SHAUN THE SHEEP MOVIE
Directors: Mark Burton and Richard Starzak
Cast: The voices of Justin Fletcher, John Sparkes, Omid Djalili, Richard Webber, Kate Harbour, Tim Hands, Andy Nyman, Simon Greenall, Emma Tate, Jack Paulson
MPAA Rating: (for rude humor)
Running Time: 1:25
Release Date: 8/5/15
Review by Mark Dujsik | August 4, 2015
There is not a single word spoken in Shaun the Sheep Movie (So it is as awkward to type as it is to say; there's definitely a "the" and maybe a colon missing somewhere in there). Even the infectiously catchy theme song of the television show upon which the movie is based becomes an instrumental. There are a few generic pop songs here and there to set the mood, although it's sort of redundant.
The movie comes from the people at Aardman Animations, who are the experts of stop-motion animation, and you may recall that they are the folks behind the finicky Wallace and his ever-patient dog Gromit, who doesn't speak a word but can communicate levels of pitying disdain for his owner's actions with a simple roll of his eyes (The eponymous sheep, by the by, comes from one those characters' short adventures). Taking that into account, the notion of what essentially amounts to a silent comedy isn't too much of a stretch for the animation studio.
It does become a little repetitive talking about the efforts of these folks, because it inevitability becomes a long list of familiar items extoling the virtues of the medium and the skill of these artists' craft. The same applies to this movie, which is clearly an effort of love and care.
The characters are distinct enough that we can tell they were each individually crafted by hand. On the clay models, we can see the fingerprints of animators whose hands are made otherwise invisible by the collection of single-frame images that give the illusion of these characters being in motion of their own will. The miniature sets are filled with little details and imperfections that make them feel like places where these characters actually live and work.
You've probably heard all of this or similar sentiments before now, and I'm certain I've written these thoughts or others like it before this review, too. If anything, this production doesn't quite hit the level of quality we expect from Aardman in the usual departments. That's more of a compliment for the studio than a backhand to the folks behind this movie.
Directors Mark Burton and Richard Starzak are working with established characters and sets from the TV show. Those meet what we've come to expect, but we can tell when and where the new materials come into play. The background characters appear a little wobbly and poorly defined. The metropolitan locales, where most of the movie takes place, don't quite have the level of craftsmanship as the farm, where the story begins and ends. It's little stuff, but that just goes to show how high our expectations are for Aardman, based on the lofty standards established by the studio's previous work.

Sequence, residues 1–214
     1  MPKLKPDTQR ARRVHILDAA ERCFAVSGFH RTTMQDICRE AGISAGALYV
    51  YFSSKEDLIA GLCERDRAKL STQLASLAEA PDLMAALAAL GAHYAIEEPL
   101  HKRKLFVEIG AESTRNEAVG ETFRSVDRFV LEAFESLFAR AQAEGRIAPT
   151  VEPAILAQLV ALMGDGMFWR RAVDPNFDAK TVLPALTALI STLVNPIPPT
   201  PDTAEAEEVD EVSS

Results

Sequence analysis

With the technical side of things out of the way, we get to something new and specific about the movie itself, which is refreshing. That is the movie's method, which does most closely resemble that of an old-fashioned silent comedy. Sure, the characters "speak" here, if one considers the baaing of sheep, the barking of dogs, and the unintelligible mumbling of human beings to be "speaking." Most of that, though, only gives us the tone of what's being "said." Save for a few instances of written words (taking up the entire frame like intertitles of old), every story and emotional point is communicated visually through action.
The story is thus: Shaun (baas by Justin Fletcher), the innocently mischievous leader of a flock of a sheep at Mossy Bottom Farm, decides he wants to have a day off from the farm's routine schedule. He comes up with a plan to distract Bitzer (barks by John Sparkes), the farm's sheepdog, with a bone (paying off a duck with bread to do so) and to depose the Farmer (murmurs by Sparkes) by making him fall asleep on the job (the way only sheep can).
The trailer where the sheep detain the Farmer for his nap wheels away to the Big City, where he suffers memory loss after getting bonked on the head. Shaun, the rest of the sheep, and Bitzer try to find the Farmer to return order to the farm, but an animal control worker (villainous mumbles by Omid Djalili) is determined to lock them up in the city's animal shelter.
The movie is a near-continuous stream of gags. We get big, comic setpieces (the trailer's destructive trek to the city and a lot of chaos at a fancy French restaurant), unlikely disguises (the sheep pass themselves off as human by wearing clothes and using cleaning utensils for hair), and a few off-color jokes (a few flatulent moments and the sheep at the bottom of the human disguise lapping water out of a fountain, which, of course, looks disgusting to people looking from behind). They're of the hit-and-miss variety, although there's much more success in the smaller, more character-based ones (the Farmer becoming a famous hair stylist because he can use clippers and an assortment of ancillary characters who get big laughs from doing little, such as a beady-eyed pit bull that has the mobility of a cardboard cutout).
The spirit of Shaun the Sheep Movie is its best asset, but that also limits what the movie sets out to and can accomplish. It's a sporadically funny, constantly charming, but ultimately slight effort.
Copyright © 2015 by Mark Dujsik. All rights reserved.
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